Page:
Alberta’s chief medical officer of health Dr. Deena Hinshaw will not say if Alberta is in a sixth wave of the COVID-19 pandemic.
During a press conference on Wednesday afternoon, Hinshaw did not directly answer a reporter’s question if Alberta is in the sixth wave of COVID-19. Instead, she said there are many questions the province does not have the answers to.
“What is the magnitude of this rise (in transmissions)? How long will it last? Those are the questions we don’t know the answers to yet,” Hinshaw said.
She also recommended Albertans mask up in public and take extra steps to protect themselves and others as COVID-19 transmissions rise.
“I would encourage people to consider their own risk factors and the risk factors of those around them… To be a part of protecting our communities right now,” she said.
“Our actions impact other people as well.”
Hinshaw also urged Albertans to take precautions if they are thinking of gathering for the Easter weekend. Indoor social gatherings create a higher risk for transmission, she said.
“We know that people gain benefits from spending time with people they care about,” Hinshaw said. “I would recommend people consider who they’re going to be gathering with and consider what precautions are appropriate for those individuals.”
Hinshaw’s response comes after chief public health officer Dr. Theresa Tam confirmed Canada is in a sixth wave of COVID-19 on Tuesday.
It also comes after Alberta reported an increase in hospitalizations and ICU admissions, something Health Minister Jason Copping said was not unexpected.
As of Wednesday, 1,053 people in hospital have COVID-19. Of those, 48 are in the ICU.
According to provincial data, 37 COVID-19 deaths have been reported since last weeks update. Hinshaw said the province experienced of an average of five deaths per day during the week of April 5 to 11.
Read more: Carrying rapid tests a business decision for Alberta pharmacies: ‘We’re doing it at a loss’
During the same time period, the province recorded 8,191 new lab-confirmed cases of COVID-19 from 23,399 tests. The data breaks down as follows:
- April 5: 1,039 cases, 3,867 tests completed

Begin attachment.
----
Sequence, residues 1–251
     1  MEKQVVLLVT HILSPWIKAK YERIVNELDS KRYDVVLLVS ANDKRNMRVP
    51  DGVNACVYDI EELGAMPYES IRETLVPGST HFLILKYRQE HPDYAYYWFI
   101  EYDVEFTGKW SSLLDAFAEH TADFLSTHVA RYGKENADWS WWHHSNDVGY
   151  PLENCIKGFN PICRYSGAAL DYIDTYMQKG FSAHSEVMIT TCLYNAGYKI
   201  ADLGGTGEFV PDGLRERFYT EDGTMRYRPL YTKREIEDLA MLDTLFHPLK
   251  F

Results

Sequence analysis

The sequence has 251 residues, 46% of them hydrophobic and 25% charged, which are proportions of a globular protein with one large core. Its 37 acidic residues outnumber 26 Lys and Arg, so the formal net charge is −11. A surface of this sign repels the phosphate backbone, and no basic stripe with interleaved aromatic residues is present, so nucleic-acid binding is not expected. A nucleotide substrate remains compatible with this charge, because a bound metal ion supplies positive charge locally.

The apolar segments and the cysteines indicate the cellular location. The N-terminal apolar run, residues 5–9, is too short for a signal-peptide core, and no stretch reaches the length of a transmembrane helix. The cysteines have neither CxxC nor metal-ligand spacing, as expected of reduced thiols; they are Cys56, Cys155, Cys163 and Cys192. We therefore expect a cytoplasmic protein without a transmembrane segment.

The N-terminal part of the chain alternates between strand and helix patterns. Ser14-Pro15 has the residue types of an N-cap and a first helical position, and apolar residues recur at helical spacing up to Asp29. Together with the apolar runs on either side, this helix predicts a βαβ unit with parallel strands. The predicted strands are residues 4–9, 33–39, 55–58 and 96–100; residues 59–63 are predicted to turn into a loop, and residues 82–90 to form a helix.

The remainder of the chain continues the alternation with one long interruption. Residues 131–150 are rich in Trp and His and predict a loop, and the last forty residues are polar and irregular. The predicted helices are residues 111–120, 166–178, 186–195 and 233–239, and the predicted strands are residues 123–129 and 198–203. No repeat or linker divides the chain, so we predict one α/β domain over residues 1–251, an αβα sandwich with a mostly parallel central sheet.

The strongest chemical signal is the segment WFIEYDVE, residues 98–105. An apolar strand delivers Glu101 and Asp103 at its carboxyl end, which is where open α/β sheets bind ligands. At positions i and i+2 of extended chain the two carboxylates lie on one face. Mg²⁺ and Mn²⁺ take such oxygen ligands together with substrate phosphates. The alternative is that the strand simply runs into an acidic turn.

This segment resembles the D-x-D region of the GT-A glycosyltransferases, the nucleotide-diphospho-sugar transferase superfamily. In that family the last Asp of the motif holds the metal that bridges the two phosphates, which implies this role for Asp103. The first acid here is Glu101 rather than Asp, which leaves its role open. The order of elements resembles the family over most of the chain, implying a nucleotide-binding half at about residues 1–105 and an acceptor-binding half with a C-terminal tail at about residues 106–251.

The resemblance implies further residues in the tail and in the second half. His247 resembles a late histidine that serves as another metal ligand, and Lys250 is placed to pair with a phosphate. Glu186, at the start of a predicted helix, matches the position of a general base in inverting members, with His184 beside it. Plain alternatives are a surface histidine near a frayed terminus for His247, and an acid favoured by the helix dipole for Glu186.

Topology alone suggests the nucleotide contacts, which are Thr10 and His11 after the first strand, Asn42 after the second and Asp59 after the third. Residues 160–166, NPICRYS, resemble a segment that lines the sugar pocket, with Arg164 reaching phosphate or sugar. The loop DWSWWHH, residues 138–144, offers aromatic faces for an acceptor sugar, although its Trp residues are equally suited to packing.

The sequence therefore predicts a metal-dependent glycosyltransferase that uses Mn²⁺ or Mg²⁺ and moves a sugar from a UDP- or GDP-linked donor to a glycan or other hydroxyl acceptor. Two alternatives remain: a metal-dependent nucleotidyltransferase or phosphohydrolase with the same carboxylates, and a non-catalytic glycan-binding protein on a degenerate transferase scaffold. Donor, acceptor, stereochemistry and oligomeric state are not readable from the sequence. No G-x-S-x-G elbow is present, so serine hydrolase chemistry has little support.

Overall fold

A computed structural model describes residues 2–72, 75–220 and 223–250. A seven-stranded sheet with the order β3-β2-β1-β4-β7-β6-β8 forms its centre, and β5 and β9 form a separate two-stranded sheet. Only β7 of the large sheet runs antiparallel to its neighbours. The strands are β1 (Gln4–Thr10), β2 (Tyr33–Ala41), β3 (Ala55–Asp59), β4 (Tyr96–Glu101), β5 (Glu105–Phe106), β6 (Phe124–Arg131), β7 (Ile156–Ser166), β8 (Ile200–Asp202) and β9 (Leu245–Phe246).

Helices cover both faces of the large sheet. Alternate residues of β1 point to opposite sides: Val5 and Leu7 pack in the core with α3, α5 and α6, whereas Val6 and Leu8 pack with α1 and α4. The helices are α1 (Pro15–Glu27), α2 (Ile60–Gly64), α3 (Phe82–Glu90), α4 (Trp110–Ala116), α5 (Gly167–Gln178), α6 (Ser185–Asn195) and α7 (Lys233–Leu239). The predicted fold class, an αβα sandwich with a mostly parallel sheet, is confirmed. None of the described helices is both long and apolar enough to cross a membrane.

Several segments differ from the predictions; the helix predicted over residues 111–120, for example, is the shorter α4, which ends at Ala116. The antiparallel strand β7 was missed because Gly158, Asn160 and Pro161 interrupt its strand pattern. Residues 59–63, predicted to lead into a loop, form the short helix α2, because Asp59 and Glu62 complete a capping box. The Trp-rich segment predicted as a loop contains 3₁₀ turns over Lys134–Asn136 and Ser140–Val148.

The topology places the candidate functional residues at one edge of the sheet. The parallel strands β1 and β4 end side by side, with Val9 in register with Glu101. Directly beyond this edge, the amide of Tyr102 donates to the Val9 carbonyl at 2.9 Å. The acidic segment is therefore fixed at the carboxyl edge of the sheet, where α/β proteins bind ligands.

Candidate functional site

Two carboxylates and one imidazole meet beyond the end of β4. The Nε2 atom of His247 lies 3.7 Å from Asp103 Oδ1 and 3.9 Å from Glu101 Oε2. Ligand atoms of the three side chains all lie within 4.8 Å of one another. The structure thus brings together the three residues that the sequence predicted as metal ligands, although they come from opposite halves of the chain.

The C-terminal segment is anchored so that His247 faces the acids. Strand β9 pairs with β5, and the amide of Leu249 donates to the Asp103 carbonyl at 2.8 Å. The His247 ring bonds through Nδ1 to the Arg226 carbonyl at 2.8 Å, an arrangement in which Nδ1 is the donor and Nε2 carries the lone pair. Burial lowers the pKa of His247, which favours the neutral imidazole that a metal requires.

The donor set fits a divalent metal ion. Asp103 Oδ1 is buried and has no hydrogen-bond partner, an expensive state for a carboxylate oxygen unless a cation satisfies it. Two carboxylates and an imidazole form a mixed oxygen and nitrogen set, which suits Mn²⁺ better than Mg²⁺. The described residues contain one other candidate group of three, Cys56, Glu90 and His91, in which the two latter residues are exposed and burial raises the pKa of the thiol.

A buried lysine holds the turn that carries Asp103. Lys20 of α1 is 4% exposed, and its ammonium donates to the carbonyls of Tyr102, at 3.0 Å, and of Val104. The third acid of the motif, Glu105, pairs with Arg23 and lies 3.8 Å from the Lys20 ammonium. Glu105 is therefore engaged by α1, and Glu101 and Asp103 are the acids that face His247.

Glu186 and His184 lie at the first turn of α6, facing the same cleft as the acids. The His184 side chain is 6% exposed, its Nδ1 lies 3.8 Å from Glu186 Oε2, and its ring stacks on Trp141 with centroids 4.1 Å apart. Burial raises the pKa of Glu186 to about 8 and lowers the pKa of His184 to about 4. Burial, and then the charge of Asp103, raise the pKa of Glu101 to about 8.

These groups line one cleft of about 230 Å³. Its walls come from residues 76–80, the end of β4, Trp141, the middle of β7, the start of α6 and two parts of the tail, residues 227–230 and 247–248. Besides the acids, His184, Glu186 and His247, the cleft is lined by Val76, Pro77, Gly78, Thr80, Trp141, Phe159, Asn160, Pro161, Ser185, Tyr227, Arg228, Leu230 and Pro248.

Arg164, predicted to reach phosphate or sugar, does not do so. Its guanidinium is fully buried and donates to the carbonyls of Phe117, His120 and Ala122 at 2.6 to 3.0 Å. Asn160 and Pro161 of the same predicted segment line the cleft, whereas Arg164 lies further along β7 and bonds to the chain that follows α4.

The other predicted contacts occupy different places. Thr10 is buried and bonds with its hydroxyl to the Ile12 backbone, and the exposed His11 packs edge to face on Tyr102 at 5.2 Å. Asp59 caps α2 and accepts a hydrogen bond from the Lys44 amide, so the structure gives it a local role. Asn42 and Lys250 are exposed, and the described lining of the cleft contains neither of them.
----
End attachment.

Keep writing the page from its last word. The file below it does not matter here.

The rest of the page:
- April 6: 1,014 cases, 3,619 tests completed
- April 7: 929 cases, 3,862 tests completed
- April 8: 945 cases, 3,633 tests completed
- April 9: 822 cases, 3,385 tests completed
- April 10: 590 cases, 2,221 tests completed
- April 11: 842 cases, 2,812 tests completed
Health officials warned the total number of Albertans with COVID-19 is likely far higher than what is being reported due to limitations on who is eligible to receive a PCR test in the province.
Copping said in a statement last Wednesday that while the number of COVID-19-positive patients in hospital remains stable, the Omicron subvariant BA.2 now makes up about 80 per cent of new cases in Alberta.
Read more: County divided: COVID-19 response strains relationships in Alberta’s least-vaccinated region
He urged Albertans to get their booster doses of a COVID-19 vaccine, especially since Alberta’s health-care system is still at capacity.
“The whole system is busy and we’re working to increase capacity across our entire system,” he said at Wednesday’s press conference.
“We’re going to see some increased pressure from BA.2 for a few weeks, but likely not what we saw in December and in January.”
NDP Health Critic David Shepherd criticized Copping’s statement, accusing the UCP of mismanaging public health care. He pointed to Dr. Verna Yu’s departure from Alberta Health Services as an example.
“At a time of severe strain and challenges in frontline care, the UCP’s answer is more chaos and upheaval. This is the wrong direction,” Shepherd said in a statement on Wednesday.
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